PORTLAND – Just a couple weeks before voters decide whether to add fluoride to Portland’s water, dozens of medical professionals gathered at City Hall Thursday to voice their opposition.
Earlier this month, the debate drew a huge crowd to a Northeast Portland community center.
“As a mother and as a PT, I would like to point out that these fluoridation chemicals are not minerals, they’re not even pharmaceutical grade fluoride,” physical therapist Kellie Barnes said.
Fluoridation advocates say they favor the measure, citing children’s dental health.
“The money spent fluoridating Portland’s water supply will not help kids who need dental care the most and would be much better spent on preventive programs in under-served areas,” dentist Dr. Jay Levy said. “The CDC has stated its benefit comes from brushing it on the teeth or rinsing it, not swallowing.”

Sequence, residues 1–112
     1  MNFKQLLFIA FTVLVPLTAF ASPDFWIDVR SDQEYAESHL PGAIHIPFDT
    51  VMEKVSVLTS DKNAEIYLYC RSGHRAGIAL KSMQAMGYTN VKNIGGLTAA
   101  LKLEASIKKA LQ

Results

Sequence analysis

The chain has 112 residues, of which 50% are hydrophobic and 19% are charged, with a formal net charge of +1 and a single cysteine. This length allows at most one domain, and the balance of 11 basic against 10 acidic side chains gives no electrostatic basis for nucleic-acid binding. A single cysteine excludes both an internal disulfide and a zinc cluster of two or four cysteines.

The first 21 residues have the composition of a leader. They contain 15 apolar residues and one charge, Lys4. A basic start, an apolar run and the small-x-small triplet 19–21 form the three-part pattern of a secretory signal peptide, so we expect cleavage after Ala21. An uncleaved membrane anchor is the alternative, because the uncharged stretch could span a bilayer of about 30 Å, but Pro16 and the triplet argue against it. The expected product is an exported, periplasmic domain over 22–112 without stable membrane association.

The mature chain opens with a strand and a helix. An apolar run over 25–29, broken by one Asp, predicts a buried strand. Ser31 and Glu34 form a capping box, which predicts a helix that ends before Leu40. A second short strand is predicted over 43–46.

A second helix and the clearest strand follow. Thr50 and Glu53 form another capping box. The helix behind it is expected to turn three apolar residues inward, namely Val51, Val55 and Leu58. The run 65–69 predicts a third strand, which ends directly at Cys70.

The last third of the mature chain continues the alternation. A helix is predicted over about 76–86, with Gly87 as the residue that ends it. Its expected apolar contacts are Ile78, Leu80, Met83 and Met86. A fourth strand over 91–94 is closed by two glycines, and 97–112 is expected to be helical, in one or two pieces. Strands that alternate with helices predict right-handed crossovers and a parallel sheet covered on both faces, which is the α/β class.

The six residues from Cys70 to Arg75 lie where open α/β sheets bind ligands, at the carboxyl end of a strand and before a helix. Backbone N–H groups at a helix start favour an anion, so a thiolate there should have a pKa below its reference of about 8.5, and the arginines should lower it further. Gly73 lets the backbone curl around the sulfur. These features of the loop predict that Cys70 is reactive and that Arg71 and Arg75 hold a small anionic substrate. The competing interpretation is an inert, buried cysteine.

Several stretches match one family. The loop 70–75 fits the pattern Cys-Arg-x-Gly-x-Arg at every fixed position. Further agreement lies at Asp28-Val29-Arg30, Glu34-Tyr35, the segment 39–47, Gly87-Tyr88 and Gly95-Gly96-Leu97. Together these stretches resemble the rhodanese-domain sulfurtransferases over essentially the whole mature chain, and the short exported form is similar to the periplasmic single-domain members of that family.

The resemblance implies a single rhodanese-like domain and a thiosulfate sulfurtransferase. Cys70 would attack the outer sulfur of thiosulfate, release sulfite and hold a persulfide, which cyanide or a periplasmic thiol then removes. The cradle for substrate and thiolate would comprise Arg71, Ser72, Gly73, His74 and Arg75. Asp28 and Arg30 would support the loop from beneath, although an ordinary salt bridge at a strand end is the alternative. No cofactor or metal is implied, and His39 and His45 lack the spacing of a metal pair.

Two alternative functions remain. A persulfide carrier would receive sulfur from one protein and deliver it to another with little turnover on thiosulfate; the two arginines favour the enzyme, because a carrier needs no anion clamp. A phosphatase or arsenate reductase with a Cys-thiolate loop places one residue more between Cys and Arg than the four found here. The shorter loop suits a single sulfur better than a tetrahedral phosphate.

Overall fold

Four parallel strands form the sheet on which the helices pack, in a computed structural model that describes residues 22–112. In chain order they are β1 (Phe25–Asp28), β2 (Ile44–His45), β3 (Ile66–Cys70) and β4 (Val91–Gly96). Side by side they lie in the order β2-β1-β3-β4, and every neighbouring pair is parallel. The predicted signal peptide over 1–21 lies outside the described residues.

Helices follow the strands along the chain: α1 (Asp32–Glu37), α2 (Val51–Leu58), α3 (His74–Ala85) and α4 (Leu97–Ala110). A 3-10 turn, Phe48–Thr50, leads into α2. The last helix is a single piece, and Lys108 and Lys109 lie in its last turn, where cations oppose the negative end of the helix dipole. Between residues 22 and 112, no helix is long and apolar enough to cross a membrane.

Dr. Willam Maas, an adviser for the Pew Children’s Dental campaign and former director at the division of oral health at the CDC from 1998-2008 said, “I can assure you the CDC has not stated what Dr. Levy said it stated. CDC takes great pains to put clear information on its website and anybody that wants to know can go on it,” Maas said. “There’s plenty of evidence children and adults benefit from fluoridated water.”
Portland City Council voted for fluoridation in the fall. But an anti-fluoride group collected enough signatures to put it to a vote. Three previous votes have rejected it. Ballots will go out on May 3.